If you can say nothing else about Retro City Rampage, you can say this: It has the best chiptune diarrhea sequence ever committed to 8-bits.
Rampage, a doubly parodic fusion of early Nintendo and open-world gaming, is packed with—no, scratch that, almost entirely made of—references both classic and modern. Hence the Dark Knight-inspired “Jester” and “Biffman” characters, a Paperboy-style mission supplied by a Doc Louis (à la Punch-Out) lookalike, scores of cameos from current indie developers such as Phil Fish, and the aforementioned digital bowel trouble that opens up a Saved by the Bell chapter. Plus so many, many more.
There are plenty of gags aimed at open-world grandaddy Grand Theft Auto, too, like an intentionally slow, on-foot car tailing sequence where you need coffee to stay awake. But, despite the obvious satire that comes with combining gaming’s innocent past with its ultra-violent future, Retro City Rampage is actually quite similar to the earlier 2D GTA games.
As “Player” (yes, that’s the character’s name), you can steal cars, murder citizens and police alike with weapons ranging from pistols and shotguns to robotic claws and proton packs, try your hand at challenging score-based “Rampages,” and generally trash the cozy little 8-bit city of Theftropolis in O.G. GTA fashion.
As in any game grounded in an open world, the setting is what really ends up stealing the show. Theftropolis, despite the forced humor of its name, is as engaging a world as any San Andreas or Liberty City (or Hong Kong, for that matter). From manic foot chases down alleys with police to quiet, relatively murder-free drives past punningly named storefronts, the experience of the city as a whole alludes to classic 8-bit gaming and engenders moments of levity without shoving nostalgia and jokes down the player’s (“Player’s”?) throat. Paired with the simple-but-effective combat, it’s more humorous homage than full-on parody.
If only the same could be said for the mission-based content. Retro City Rampage has an all-or-nothing, home run approach to humor. When it works, it really works. To wit, again: chiptune diarrhea. But all too often it seems like where the open-world of Theftropolis captures the subtle feeling of 8-bit gaming indulging in open-world wanderlust, the story and side missions are more about making recognizable characters say dirty things, and shoving in as many See What I Did Theres as possible.
This slavish devotion to humor befitting an Ebaum’s World or Newgrounds doesn’t often get in the way of the actual missions, which are fast-paced, inventive and funny on their own terms. (Even your basic race mission gets a clever twist, with a shotgun-riding trucker demanding you pull over every so often during the trial to pick up fast-food or to run over the skateboarders that are “lowering his property value.”) But when the game’s conceit does interfere with its play, hoo boy, is it noticeable. The idea of a porcine game publishing boss imbued with corrosive perspiration, who “sweat bombs” employees to improve morale? Funny. The execution of said funny idea in a twitchy, frustrating platforming section unlike anything the player (sigh... “Player”) has encountered before? Well, sometimes humor can only go so far.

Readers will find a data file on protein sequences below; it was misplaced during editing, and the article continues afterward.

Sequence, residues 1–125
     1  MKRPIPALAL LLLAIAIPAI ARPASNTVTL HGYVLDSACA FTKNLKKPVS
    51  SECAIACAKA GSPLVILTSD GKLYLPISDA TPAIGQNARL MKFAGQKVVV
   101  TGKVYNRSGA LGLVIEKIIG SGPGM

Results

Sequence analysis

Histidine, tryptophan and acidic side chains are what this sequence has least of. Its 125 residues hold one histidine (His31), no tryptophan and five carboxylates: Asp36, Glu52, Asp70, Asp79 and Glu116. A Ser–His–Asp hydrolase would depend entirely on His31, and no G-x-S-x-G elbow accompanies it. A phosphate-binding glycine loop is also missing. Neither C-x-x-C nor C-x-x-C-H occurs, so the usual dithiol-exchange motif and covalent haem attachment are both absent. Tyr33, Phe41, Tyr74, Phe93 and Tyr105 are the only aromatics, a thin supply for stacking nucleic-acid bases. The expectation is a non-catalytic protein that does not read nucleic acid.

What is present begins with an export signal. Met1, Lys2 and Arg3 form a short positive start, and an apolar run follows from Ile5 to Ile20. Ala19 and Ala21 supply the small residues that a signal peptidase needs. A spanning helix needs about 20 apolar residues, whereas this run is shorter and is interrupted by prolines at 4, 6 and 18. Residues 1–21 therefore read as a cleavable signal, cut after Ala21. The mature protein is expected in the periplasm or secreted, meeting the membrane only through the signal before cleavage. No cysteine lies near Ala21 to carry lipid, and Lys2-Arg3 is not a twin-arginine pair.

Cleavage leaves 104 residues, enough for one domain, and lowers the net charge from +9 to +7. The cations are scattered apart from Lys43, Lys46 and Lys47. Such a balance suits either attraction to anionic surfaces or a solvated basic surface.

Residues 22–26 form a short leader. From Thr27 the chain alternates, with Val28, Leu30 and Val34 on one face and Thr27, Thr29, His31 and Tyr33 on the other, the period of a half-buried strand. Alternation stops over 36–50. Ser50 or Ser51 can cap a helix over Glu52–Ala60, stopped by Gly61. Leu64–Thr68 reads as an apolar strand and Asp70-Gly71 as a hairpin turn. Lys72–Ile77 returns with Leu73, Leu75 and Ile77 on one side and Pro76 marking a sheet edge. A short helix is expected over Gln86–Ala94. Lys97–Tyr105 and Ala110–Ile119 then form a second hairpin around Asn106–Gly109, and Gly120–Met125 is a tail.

Truly, that’s the one main problem with Retro City Rampage as parody. It’s a title that plays with time (figuratively and literally—the plot’s largely about rebuilding a DeLorean-esque time machine), but sits in an uncomfortable space between rote jokes about Metal Gear’s hiding in boxes and “topical” gags about the David Hasselhoff Burger Incident. While playing and screwing around in a city whose richness belies its basic graphical fidelity, or in the free-roam mode, or in any of the several truly clever spins on traditional 8-bit era/open-world missions, one comes away with the same feeling: Retro City Rampage is a game that’s more fun than funny. And, between the stabs at the game industry and the “Pen Club 15”-caliber jokes, it’s hard not to wonder what could have been with a little less snark and a little more earnestness.
Sean Clancy is a freelance writer in the Boston area. He’s a frequent contributor to DigBoston and talks all kinds of stuff on Twitter.